* * Anonymous Doc

Tuesday, December 8, 2009

Yesterday was my latest night at the hospital since I've been on the day shift. I got there at 6:45 and didn't step out the door until 10:33 at night. (And back before 7 this morning.) I am so happy this rotation will be over this weekend. Not that there's any reason to think the next one will be any better-- and in fact I've heard it's worse-- but somehow the combination of this hospital and my patients and my team and these nurses has just made the whole thing so much harder than it should be.

What kept me so late was a patient with a fever, and an overworked nursing staff that is poorly synchronized with the doctor shifts. The nurses shouldn't have their shift handoffs an hour after the doctors do, it just shouldn't work that way. We're allowed to start handing patients over to the night team at 6, and the nurses change shifts at 7. In theory, I understand why this is supposed to work-- if the doctors are all ready to make their shift change at 6, then the night team is already set up with the patients by the time the nurses change, and there shouldn't be a lag. But, for the most part, the doctors are never really ready at 6. If nothing's going wrong, we're done at 6. But if anything's happening with any of our patients, we can't sign out, we have to do whatever we need to do to get the patient stable, run whatever tests, wait for whatever results, start whatever new medications.

So at 6:00, as I'm hoping to get to sign out, we realize my patient has a fever, and I need to order a urinalysis. I ask the nurse. She says she has other things she has to do before her shift is done, and she won't do it. I had an admission to deal with, so I figured I would just wait until 7 and grab the new nurse. By the time I find her at 7:15, she's already been given a list of half a dozen things to do, and says she'll get to the urinalysis when she can. At this point, I figured I'd just do it myself. Except we discovered the patient was incontinent and urinating all over herself. We needed to put in a catheter. I've never done this on my own. I waited for another intern to be free enough to help. We put in the catheter. I got the urine sample. It's 9:00 at this point. I bring it to the lab. And of course by 9:00 everything is working in slow-motion. I wait an hour for them to "rush" the results. And by the time I then do what I need to do and sign out, it's after 10.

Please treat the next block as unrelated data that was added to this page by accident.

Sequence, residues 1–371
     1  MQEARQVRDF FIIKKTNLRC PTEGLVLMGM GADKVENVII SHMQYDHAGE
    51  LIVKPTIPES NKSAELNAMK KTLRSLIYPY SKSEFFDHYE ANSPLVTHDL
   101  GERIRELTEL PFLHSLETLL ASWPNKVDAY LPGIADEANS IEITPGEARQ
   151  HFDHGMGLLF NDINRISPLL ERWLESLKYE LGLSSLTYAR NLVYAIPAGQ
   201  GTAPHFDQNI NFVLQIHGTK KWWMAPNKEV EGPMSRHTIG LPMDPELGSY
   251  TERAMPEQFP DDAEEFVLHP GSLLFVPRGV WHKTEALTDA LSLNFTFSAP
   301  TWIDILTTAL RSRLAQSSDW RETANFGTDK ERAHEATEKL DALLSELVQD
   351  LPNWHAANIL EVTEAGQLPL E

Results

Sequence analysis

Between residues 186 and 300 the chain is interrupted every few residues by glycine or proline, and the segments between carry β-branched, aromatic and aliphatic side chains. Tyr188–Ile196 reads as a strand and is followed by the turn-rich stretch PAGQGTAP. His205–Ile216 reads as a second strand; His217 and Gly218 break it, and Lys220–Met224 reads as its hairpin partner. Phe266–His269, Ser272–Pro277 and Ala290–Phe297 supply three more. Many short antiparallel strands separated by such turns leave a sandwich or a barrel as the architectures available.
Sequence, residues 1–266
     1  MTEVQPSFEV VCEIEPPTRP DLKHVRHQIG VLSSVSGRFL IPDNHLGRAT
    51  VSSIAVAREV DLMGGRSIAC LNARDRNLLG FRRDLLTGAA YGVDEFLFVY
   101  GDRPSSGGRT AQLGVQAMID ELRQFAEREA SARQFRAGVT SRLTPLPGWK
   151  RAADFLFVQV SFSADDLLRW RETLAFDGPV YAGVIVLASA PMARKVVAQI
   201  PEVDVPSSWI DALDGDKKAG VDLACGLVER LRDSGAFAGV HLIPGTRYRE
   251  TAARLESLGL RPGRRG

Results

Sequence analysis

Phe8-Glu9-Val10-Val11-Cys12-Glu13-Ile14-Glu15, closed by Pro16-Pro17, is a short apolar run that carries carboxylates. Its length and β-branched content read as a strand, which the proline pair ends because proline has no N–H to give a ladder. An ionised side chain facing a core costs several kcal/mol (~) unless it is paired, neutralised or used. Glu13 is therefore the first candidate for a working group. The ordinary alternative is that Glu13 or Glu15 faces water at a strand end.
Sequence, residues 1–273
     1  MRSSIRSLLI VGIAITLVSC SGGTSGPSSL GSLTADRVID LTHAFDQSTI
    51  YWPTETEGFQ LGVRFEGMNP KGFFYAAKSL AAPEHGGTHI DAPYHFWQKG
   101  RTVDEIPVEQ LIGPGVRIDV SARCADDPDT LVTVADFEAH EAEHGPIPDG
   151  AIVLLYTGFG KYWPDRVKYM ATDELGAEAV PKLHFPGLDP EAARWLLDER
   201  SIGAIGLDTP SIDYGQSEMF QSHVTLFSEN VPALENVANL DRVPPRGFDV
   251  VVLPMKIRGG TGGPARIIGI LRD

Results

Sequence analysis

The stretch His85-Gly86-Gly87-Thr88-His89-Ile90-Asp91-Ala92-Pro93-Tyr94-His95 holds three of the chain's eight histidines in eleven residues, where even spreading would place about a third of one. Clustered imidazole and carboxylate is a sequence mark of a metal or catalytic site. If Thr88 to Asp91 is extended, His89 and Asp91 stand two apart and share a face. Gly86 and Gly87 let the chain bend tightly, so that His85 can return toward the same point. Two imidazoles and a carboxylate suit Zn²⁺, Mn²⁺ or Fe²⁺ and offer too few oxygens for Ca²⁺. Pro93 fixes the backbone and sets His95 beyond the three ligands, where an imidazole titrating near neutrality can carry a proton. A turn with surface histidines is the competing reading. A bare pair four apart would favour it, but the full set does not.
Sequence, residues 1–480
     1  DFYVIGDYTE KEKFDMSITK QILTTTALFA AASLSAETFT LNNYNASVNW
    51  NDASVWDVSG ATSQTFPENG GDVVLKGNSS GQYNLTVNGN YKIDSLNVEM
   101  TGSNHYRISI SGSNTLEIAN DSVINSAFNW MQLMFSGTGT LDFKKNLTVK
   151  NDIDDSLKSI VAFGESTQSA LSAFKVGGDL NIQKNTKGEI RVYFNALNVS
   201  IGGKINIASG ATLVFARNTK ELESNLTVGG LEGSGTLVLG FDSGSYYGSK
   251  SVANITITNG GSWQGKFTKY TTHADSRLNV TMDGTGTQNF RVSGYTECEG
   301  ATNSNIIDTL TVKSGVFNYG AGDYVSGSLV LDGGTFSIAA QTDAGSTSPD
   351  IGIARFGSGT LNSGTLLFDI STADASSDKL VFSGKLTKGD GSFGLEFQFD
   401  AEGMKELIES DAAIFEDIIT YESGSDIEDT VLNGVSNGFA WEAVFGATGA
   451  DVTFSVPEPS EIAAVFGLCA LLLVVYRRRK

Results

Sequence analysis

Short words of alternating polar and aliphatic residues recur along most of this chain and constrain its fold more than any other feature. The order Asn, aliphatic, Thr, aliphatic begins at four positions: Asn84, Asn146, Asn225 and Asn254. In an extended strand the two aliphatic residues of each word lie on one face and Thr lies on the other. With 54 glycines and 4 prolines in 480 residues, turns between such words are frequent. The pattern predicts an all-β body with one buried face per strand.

I understand why we have to wait for test results, and can't just sign it over to the night team, I guess. I mean, I was on nights, I know what it's like to have 75 patients under your care and how annoying it is when a doctor leaves you someone who needs follow-up. It's enough that you have to deal with the emergencies that come up, but to have patients who you already know are going to take your attention, it makes it too much for the night person to have to deal with. But then there should be extra support at the transition period -- there should be an overlap so nurses can help get things done and help get the day doctors out at a normal time. Or the shift shouldn't end at that point, it should end two hours earlier, so the new nurses have time to get situated before the rush that needs to happen to get the day team out of there.

I don't know why I'm trying to explain this, and why I'm fixated on this systemic problem. I'm just grumpy that I had to be there so late, and I want to believe there's a way to fix it instead of being forced to admit that, hey, these are sick people and sometimes things happen, and for the next two and a half years there are going to be weeks like this, there are going to be nights I'm there for hours, trying to get someone's urine in a container so I can take it to the lab.